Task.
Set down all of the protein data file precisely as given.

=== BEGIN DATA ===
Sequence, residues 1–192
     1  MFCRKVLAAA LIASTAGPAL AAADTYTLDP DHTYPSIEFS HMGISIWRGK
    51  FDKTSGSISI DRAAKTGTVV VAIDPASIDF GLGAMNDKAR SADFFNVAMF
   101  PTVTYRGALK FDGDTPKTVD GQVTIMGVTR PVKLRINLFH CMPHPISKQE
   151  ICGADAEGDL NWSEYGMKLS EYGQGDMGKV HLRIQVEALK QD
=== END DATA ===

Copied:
Sequence, residues 1–192
     1  MFCRKVLAAA LIASTAGPAL AAADTYTLDP DHTYPSIEFS HMGISIWRGK
    51  FDKTSGSISI DRAAKTGTVV VAIDPASIDF GLGAMNDKAR SADFFNVAMF
   101  PTVTYRGALK FDGDTPKTVD GQVTIMGVTR PVKLRINLFH CMPHPISKQE
   151  ICGADAEGDL NWSEYGMKLS EYGQGDMGKV HLRIQVEALK QD